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Clarifications: Each clarification provides an explanation of an indicator/objective to help teachers better understand the skills and/or concepts.

Standard 5.0 History

Topic C. Conflict between Ideas and Institutions

Indicator 2. Analyze the emerging foreign policy of the United States

Objective d. Explain causes and effects of the Mexican-American War


In its quest to achieve its “manifest destiny,” the United States long coveted the Mexican territories of California (for its Pacific ports and mineral deposits), New Mexico, and Texas (for its agricultural lands). President James Polk offered to purchase the territories from Mexico twice, but Mexico refused. Finally, in 1846, President Polk manipulated a border dispute to draw Mexico into outright war.

In 1845, the United States annexed Texas, which Mexico had never recognized as an independent country, and sent troops to take up positions along the Rio Grande. While the United States claimed the Rio Grande was the Texas-Mexico border, Mexico claimed the border lay farther north and that the Rio Grande was in Mexican territory. As President Polk had calculated, the stationing of troops along the Rio Grande provoked Mexico to attack and presented the United States with an opportunity to declare war as a defense against Mexican “aggression.”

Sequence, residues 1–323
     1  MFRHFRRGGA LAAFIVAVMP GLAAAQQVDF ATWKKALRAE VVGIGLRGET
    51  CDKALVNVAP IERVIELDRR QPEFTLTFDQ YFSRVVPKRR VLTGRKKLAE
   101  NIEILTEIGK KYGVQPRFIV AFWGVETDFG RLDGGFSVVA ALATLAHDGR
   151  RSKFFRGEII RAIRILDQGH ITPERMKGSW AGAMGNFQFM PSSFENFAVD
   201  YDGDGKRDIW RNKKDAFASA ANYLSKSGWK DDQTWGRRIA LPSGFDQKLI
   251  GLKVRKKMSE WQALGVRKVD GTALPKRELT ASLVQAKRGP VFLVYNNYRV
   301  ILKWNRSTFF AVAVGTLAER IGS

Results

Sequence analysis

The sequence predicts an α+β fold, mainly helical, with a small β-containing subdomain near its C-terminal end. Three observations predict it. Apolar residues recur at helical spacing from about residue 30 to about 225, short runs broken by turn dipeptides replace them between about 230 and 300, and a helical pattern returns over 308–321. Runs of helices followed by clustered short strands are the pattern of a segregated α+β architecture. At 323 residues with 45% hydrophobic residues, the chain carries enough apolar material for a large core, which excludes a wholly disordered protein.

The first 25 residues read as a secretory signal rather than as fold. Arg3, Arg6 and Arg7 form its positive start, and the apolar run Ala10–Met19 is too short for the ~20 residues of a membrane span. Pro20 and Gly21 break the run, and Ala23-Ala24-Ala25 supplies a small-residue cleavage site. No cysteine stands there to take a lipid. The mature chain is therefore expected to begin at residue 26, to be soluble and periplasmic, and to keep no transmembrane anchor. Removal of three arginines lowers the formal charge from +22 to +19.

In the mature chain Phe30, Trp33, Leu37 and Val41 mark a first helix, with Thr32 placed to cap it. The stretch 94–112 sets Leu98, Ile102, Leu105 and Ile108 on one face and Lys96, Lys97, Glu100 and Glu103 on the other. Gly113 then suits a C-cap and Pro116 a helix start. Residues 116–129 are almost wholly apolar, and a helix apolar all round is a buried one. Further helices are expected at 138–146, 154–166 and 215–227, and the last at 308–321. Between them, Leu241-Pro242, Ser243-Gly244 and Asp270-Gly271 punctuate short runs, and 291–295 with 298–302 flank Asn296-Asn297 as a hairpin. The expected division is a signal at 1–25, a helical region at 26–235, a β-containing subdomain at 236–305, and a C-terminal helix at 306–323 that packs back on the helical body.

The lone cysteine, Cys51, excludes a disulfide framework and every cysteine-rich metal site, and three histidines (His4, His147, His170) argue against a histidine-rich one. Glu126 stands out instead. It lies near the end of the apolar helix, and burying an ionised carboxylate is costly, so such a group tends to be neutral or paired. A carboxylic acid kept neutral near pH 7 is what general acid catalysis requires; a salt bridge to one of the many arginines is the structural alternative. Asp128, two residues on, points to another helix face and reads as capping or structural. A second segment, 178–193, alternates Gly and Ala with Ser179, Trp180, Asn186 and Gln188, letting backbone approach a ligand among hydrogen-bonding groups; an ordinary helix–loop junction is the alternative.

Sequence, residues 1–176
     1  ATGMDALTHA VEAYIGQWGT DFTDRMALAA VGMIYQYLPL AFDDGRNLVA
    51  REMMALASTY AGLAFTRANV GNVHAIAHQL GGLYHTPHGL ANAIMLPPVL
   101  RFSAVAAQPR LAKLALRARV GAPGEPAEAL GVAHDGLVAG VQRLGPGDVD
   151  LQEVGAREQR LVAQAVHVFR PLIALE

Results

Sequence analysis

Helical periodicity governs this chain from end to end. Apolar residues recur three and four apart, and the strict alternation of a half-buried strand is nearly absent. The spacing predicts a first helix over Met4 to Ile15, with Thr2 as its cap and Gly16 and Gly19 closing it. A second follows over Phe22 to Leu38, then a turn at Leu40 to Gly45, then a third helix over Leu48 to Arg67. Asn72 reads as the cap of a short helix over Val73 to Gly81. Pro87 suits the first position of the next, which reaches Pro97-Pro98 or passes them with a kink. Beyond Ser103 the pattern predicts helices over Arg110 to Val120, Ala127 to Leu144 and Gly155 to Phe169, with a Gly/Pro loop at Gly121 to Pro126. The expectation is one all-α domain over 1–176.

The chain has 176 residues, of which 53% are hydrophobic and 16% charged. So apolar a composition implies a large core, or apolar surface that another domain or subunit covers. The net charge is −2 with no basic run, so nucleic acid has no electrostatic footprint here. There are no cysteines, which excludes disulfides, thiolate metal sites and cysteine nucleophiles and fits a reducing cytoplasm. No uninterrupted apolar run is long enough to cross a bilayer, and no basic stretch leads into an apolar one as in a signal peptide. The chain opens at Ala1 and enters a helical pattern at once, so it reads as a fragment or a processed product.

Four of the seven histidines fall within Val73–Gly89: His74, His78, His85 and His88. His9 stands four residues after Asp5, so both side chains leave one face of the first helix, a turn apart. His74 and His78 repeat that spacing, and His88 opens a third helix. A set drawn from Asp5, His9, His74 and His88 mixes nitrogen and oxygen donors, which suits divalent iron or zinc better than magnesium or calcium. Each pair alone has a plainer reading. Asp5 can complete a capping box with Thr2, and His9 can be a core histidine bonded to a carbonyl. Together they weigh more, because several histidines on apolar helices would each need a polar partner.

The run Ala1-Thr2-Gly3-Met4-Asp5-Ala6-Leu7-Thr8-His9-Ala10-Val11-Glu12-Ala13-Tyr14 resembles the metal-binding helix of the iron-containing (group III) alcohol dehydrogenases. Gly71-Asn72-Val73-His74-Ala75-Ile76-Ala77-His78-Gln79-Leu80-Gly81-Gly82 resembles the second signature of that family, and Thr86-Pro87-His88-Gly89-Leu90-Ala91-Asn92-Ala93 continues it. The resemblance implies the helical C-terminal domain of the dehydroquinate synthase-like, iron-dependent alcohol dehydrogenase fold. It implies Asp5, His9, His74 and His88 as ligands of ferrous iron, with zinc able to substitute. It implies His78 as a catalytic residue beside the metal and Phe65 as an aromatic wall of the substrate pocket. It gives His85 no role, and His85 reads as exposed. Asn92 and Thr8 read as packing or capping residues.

After the United States drove Mexican forces from Texas, seized control of California and New Mexico, and captured Mexico City, the Mexican government surrendered in 1847. The Treaty of Guadalupe Hidalgo forced Mexico to give up half its territory to the United States, including Texas up to the Rio Grande, California, and New Mexico. In 1853, the United States paid Mexico $10 million for the remaining strip of land along the southern edge of Arizona and New Mexico in the Gadsden Purchase, bringing the United States to its present size.

In addition to increasing United States territory, the Mexican-American war also had other notable consequences. The addition of Texas fueled the already bitter debate over the extension of slavery. Also, the war served as the training ground for many of the Civil War’s most prominent generals.

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